The second criticism, that there is no psychological depth and no feeling for tragedy, is undeniably true. In the best of these stories, there pretends to be none. Nor is there here the power which comes from the feeling of cosmic imminence (although such a feeling as that of imminent evil in Faulkner is perhaps better accounted for by the theory of rasa in Indian poetics than by any other esthetic theory). All of this might affect those who have been weaned on Aristotelian theories of the immense seriousness of literature somewhat adversely. But I think that one must meet these writers on their own grounds, which are not Aristotelian. If one does this, I think that he will find a rare lyric quality in their writing. This lyricism has been the pride of Bengali literature since the fifteenth century...

Finally, regarding the second of two flaws Dimock identifies, the first being the absence of certain writers, particularly "some from the lively literary community in East Pakistan," this on translation:

To my knowledge, the only native-speaker of English on the board of translators of this volume is the American-born Lila Ray, wife of the Bengali novelist Annadasankar Ray. The others, while often themselves distinguished Bengali writers, do not and cannot be expected to have control of current English idiom. (I am not speaking now of writers like Humayun Kabir, Amiya Chakravarty, Sud- dhindra Nath Datta, and Buddhadeva Bose, who write English with quite as much grace as they write Bengali, and who have translated their own works for this volume.) As a result, the attempt to translate idiomatic Bengali into idiomatic English often falls particularly flat. For example, in the story "Prehistoric" by Manik Bandyopadhyay, an excellent story by an excellent story-teller, the central figure is a dacoit, a robber. His speech is of a peculiar kind. The translator makes this of it:

"So still sitting by me you are, eh? Run along quick. If he sees you, he'll kill you off straight," continued the beggar-woman.

"Oh, keep that joke to yourself! Any blasted rogue can come and kill me off when he likes, eh? I'm good enough for ten like him, see?"

Again, in Tarasankar Banerjee's "The Seat of Stone," the real beauty of the story and of the language is marred by such lines as: "He brought me thick boiled buffalo milk, gur, and rice crispies." I do not want to belabor this. These are minor points and in no case do they seriously affect the structure of the stories, though they are occasionally jarring to the English-speaking reader. Nor do I mean to imply that such strange translations run throughout the book. Some stories, such as Saradindu Banerjee's "The Divine Image," which strives more for mood than for realism, are beautifully done.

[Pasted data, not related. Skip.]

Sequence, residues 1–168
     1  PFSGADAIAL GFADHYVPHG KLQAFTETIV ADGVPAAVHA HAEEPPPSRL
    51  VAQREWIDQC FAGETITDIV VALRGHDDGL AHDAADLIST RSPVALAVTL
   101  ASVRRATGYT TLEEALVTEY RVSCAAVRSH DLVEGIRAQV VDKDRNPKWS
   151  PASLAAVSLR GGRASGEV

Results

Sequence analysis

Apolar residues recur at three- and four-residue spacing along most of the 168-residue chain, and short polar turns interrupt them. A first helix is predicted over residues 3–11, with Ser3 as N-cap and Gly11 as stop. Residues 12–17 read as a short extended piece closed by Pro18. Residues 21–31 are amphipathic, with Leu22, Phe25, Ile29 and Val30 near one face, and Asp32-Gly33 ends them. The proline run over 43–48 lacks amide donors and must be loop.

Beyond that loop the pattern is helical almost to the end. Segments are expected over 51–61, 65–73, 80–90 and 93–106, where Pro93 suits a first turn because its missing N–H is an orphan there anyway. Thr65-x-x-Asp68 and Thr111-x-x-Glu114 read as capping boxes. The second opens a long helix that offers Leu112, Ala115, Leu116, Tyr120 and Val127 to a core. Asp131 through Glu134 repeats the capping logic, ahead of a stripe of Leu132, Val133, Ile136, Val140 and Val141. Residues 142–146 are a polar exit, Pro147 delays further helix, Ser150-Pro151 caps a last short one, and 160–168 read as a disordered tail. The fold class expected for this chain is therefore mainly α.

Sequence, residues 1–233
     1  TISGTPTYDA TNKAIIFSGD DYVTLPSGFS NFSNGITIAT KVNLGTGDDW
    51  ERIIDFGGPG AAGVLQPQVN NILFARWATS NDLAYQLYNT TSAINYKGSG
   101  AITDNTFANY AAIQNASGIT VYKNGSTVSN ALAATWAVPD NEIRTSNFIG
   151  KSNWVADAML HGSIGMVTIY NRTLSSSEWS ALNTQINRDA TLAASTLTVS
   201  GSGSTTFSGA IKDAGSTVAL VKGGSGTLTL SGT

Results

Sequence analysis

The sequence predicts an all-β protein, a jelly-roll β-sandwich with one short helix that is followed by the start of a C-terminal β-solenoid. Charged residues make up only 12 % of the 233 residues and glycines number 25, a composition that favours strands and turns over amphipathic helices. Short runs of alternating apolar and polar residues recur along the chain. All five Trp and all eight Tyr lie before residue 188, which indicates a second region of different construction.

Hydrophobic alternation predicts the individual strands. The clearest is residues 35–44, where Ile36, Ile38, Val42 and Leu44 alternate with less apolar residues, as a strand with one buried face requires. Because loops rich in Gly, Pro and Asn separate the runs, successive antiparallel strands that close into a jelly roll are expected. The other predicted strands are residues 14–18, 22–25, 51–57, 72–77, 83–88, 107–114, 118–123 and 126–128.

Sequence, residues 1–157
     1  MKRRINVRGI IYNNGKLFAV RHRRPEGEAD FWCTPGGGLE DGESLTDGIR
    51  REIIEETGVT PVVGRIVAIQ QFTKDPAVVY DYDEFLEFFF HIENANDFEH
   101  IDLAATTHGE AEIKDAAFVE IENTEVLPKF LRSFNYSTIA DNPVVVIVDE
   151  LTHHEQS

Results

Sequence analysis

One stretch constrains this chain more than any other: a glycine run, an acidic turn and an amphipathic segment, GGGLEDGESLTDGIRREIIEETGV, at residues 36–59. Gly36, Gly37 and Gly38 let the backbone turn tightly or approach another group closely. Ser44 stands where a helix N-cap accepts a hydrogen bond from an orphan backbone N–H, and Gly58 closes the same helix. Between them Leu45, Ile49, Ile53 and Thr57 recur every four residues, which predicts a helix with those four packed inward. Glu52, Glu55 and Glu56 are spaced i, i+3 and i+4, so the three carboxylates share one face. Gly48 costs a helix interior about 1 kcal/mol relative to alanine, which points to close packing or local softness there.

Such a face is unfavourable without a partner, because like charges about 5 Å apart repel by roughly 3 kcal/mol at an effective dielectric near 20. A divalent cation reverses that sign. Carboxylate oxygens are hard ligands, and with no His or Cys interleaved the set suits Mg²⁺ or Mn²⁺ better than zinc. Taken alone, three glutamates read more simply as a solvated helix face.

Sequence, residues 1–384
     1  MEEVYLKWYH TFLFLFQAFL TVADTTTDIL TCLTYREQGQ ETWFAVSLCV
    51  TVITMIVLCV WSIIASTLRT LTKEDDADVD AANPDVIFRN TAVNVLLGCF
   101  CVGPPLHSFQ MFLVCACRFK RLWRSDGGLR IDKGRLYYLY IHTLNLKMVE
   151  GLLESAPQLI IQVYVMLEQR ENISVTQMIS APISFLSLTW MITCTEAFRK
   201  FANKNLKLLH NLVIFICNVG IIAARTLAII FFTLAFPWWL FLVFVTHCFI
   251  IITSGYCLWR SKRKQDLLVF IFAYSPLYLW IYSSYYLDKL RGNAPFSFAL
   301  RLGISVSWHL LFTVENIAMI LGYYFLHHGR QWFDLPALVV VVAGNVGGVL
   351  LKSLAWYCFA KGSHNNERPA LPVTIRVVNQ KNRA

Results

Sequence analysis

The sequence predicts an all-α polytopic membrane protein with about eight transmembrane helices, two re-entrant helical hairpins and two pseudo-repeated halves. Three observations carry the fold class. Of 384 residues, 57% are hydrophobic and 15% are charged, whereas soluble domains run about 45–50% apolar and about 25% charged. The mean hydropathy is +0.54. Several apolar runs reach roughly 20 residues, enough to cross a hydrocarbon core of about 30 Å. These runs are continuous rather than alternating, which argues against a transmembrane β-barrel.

I'm not quite sure that I understand the accusation of 'no psychological depth, no feeling for tragedy, and no power' against Bengali writing. I think that is a function of the fact that translators from Bengali to English are not truly bilingual enough to convey those qualities effectively in their translation, and/or are taking recourse to pale imitations of Western idiom that lose impact (for instance, my complaint about Tagore's own translation of his songs in Gitanjali http://accidentalblogger.typepad.com/accidental_blogger/2010/12/revisiting-tagore-sujatha.html).
Also, what is Dimock's objection to ""He brought me thick boiled buffalo milk, gur, and rice crispies." - Seems like a perfectly innocuous translation to me. Does he object to 'rice crispies'? I don't think there is a better term to describe it as 'fried puffed rice' sounds even more clunky than rice crispies. Strange translation? I think not.
Dimock has not been so critical about the writings of Sarat Chandra in his earlier textbook for second year students of Bengali. (http://dsal.uchicago.edu/digbooks/digpager.html?BOOKID=PK1664.D6_1988&object=50)
Maybe he got tired of wading through Srikanto (as I did, by the time I had gotten through about half the book, in translation.) ;)

Unless the author actually used the trademark term Rice Crispies, or some other term for "a popular puffed rice breakfast cereal," I think the translation wasn't the best it could be. "Fried puffed rice" would have sounded just fine to me. If Dimock is right that the language of the story exhibited real beauty, interposing a word out of Sunday morning television advertising certainly would blow the effect. There were similar instances in Hauntings, but I can't find any just now.

Hauntings did not exhibit psychological depth, but then neither was it lyrical in English. The stories tended to tell, rather than show, as they say in Creative Writing 101.

The comments to this entry are closed.